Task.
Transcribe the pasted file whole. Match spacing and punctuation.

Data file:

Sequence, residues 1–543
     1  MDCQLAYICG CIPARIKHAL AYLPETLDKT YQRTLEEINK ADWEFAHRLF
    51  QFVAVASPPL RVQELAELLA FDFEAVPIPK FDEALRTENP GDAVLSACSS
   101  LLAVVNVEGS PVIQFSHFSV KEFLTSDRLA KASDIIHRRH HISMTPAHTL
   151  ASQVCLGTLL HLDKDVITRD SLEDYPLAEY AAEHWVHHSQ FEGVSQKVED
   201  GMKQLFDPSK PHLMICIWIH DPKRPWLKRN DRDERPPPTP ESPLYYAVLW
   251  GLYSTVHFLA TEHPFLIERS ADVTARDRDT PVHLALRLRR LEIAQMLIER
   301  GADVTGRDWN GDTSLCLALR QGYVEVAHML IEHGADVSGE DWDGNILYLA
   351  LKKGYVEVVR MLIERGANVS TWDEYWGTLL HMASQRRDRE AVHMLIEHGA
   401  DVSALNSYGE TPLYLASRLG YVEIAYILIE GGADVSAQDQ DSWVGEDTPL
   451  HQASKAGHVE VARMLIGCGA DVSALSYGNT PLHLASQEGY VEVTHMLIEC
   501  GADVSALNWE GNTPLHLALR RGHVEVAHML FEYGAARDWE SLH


Sequence, residues 1–543
     1  MDCQLAYICG CIPARIKHAL AYLPETLDKT YQRTLEEINK ADWEFAHRLF
    51  QFVAVASPPL RVQELAELLA FDFEAVPIPK FDEALRTENP GDAVLSACSS
   101  LLAVVNVEGS PVIQFSHFSV KEFLTSDRLA KASDIIHRRH HISMTPAHTL
   151  ASQVCLGTLL HLDKDVITRD SLEDYPLAEY AAEHWVHHSQ FEGVSQKVED
   201  GMKQLFDPSK PHLMICIWIH DPKRPWLKRN DRDERPPPTP ESPLYYAVLW
   251  GLYSTVHFLA TEHPFLIERS ADVTARDRDT PVHLALRLRR LEIAQMLIER
   301  GADVTGRDWN GDTSLCLALR QGYVEVAHML IEHGADVSGE DWDGNILYLA
   351  LKKGYVEVVR MLIERGANVS TWDEYWGTLL HMASQRRDRE AVHMLIEHGA
   401  DVSALNSYGE TPLYLASRLG YVEIAYILIE GGADVSAQDQ DSWVGEDTPL
   451  HQASKAGHVE VARMLIGCGA DVSALSYGNT PLHLASQEGY VEVTHMLIEC
   501  GADVSALNWE GNTPLHLALR RGHVEVAHML FEYGAARDWE SLH